Tillerson defends strained 'special relationship' on Britain visit

Rex Tillerson and UK Foreign Secretary Boris Johnson praise bilateral relations between Britain and the U.S.
US Secretary of State Rex Tillerson and Britain's Foreign Secretary Boris Johnson attend a press conference in London, on Jan 22, 2018.
US Secretary of State Rex Tillerson and Britain's Foreign Secretary Boris Johnson attend a press conference in London, on Jan 22, 2018. PHOTO: REUTERS

LONDON (AFP) - Secretary of State Rex Tillerson defended the "special relationship" between Britain and the United States during a visit to London on Monday (Jan 22), following a series of spats since the election of Donald Trump that have strained ties.

Tillerson paid a discreet visit to the new US embassy in London after Trump cancelled plans to open it himself - the latest in a spate of damaging rows.

The top US diplomat later met with counterpart Boris Johnson and Prime Minister Theresa May, speaking of the need to reset the relationship between the historic allies.

"We spend a lot of time talking about the world's problems... and sometimes we forget about the importance of our own relationship," Tillerson said as he met Johnson.

"We need to pay attention to that relationship... we treasure it," he added.

Johnson described the relationship as "absolutely fundamental" to Britain's economy.

The pair talked about the Iranian nuclear agreement, Yemen and Turkey's assault on Kurdish militia in Syria.

"The Foreign Secretary emphasised that the Iran nuclear deal is working, and that the UK would work closely with US, European and international partners to tackle Iran's disruptive behaviour in the region," a Foreign Office spokesperson said.

'Bad deal' 

Tillerson also met with May in her Downing Street office, where they discussed Iran.

Downing Street said in a statement the pair agreed on the need for the international community to unite in countering Iran's "destabilising regional activity," while the prime minister also reiterated the Britain's commitment to the nuclear agreement.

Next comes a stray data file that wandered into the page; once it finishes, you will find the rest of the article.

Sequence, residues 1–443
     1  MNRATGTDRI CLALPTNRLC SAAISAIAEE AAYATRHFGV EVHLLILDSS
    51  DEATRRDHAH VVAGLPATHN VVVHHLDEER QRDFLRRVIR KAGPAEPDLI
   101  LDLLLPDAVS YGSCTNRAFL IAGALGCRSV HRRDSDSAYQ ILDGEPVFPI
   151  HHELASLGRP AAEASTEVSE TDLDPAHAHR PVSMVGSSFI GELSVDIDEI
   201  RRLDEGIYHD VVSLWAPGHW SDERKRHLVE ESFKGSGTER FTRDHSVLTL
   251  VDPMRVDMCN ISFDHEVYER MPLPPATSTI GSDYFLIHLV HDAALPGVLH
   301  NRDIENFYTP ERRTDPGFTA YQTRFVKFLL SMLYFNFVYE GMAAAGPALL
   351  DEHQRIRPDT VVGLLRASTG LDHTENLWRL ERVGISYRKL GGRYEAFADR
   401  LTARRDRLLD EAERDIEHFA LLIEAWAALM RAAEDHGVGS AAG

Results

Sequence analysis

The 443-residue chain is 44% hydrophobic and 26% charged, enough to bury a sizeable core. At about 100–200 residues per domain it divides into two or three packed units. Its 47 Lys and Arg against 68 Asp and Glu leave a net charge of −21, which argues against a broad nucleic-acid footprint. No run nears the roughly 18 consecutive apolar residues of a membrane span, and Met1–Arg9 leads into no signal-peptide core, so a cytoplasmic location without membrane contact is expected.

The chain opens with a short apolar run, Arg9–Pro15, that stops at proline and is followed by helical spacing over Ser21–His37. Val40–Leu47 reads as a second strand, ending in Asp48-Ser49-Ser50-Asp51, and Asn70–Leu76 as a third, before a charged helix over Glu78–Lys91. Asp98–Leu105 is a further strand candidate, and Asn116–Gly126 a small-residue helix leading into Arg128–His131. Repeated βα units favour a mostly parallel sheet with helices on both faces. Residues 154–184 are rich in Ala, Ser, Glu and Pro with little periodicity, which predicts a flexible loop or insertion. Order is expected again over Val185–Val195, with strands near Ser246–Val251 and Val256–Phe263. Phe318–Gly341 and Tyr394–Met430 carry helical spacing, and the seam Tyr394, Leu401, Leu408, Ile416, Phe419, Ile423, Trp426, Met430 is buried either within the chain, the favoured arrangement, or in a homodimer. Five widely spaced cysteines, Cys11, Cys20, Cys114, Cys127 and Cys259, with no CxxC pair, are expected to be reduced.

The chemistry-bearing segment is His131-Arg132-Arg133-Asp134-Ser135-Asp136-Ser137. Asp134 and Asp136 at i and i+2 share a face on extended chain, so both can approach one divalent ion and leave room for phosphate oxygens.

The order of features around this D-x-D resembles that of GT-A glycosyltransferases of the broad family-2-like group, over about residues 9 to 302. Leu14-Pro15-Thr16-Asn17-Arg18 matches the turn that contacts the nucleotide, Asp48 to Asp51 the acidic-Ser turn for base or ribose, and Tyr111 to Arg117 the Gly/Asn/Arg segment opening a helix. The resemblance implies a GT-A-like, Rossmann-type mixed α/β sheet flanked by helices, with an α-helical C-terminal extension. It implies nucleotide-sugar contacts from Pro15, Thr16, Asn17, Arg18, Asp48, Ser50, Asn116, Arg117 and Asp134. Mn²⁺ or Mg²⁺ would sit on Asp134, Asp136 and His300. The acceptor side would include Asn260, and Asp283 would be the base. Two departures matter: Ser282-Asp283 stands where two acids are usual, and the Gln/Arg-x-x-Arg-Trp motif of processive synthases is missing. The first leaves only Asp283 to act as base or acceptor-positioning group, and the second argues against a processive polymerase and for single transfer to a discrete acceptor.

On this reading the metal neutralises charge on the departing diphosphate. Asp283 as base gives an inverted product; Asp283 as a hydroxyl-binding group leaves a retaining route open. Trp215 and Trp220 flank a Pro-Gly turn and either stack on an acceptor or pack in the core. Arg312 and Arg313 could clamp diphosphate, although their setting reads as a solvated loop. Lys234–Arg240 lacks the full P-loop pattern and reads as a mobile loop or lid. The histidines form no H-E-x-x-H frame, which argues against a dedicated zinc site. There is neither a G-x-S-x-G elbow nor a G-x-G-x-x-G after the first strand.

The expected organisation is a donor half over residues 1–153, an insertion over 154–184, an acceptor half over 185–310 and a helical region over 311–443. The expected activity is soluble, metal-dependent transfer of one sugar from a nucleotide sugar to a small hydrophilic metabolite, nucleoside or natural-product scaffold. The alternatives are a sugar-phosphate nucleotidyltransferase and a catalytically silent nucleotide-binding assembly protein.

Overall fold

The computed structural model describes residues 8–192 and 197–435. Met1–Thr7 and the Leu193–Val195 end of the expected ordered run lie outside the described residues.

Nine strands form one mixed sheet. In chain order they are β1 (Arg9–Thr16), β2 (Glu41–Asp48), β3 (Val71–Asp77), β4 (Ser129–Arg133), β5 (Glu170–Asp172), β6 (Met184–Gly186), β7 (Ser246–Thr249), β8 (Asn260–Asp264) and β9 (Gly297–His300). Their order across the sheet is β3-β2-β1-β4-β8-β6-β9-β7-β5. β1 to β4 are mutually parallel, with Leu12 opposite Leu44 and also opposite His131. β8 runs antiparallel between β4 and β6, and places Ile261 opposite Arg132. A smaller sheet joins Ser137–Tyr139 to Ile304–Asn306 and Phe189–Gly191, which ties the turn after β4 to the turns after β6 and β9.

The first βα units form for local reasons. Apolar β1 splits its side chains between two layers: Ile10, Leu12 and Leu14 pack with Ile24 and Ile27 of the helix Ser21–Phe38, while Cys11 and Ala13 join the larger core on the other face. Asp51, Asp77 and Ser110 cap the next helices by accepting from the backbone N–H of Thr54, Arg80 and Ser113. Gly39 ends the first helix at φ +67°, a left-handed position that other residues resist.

The US has been appealing to Britain, France and Germany to push for changes to the 2015 accord, signed by then president Barack Obama and much criticised by Trump.

"I think there is a common view among the E3 that there are some areas of the JCPOA (nuclear deal) or some areas of Iran behaviour that should be addressed," Tillerson said.

The US politician earlier bucked tradition by not holding a formal meet-and-greet during his visit to the new embassy, which the State Department said was due to the current shutdown of the US government over a budget impasse in Congress.

But even before the shutdown, the State Department had already played down Tillerson's visit to the embassy, which opened last week, due to controversy over Trump's refusal to inaugurate the new building.

Trump said he was unhappy at the cost and location of the new embassy, a futuristic cuboid building surrounded by a moat.

The US president had been due to inaugurate the building in February, but cancelled the visit, tweeting: "having sold perhaps the best located and finest embassy in London for 'peanuts,' only to build a new one in an off location for 1.2 billion dollars. Bad deal. Wanted me to cut ribbon-NO!"

But his decision came after a series of rows and after it became clear the visit would be met with mass protests.

'Extraordinary relationship' 

Tillerson posed for photographs before being shown around the new embassy.

The new building is slightly outside central London in an area south of the River Thames which is being regenerated, unlike its predecessor, which was in a plush quarter in the heart of the British capital.

US ambassador Woody Johnson brushed off Trump's criticism of the building, telling reporters: "The embassy actually is going to really work."

When asked whether there would be a ribbon-cutting ceremony, the ambassador added: "At some point we're going to do it, but there's no urgency to that. We'll do it when the time is right."

Trump has yet to visit Britain since taking office a year ago, and has been involved in rows with the government over issues including trade and his retweeting of a video posted by a British far-right group.

London Mayor Sadiq Khan also said he "would not be welcome" in the city, suggesting there could be widespread protests.

Boris Johnson wrote in The Sunday Telegraph newspaper that Trump should be welcomed to Britain because the country's ties with the US are vital for security and provide the UK's "single most extraordinary economic relationship".

Trump "is the elected president of the world's most powerful democracy" and resisting his visit to the UK risks "damaging the national interest", Johnson added.

May is due to meet again with Trump at the World Economic Forum in Davos late this week, but the plans could be thrown into disarray by the US shutdown.

Tillerson's mini-tour of Europe will continue with a visit to Paris on Tuesday, where he will also be joined by Johnson.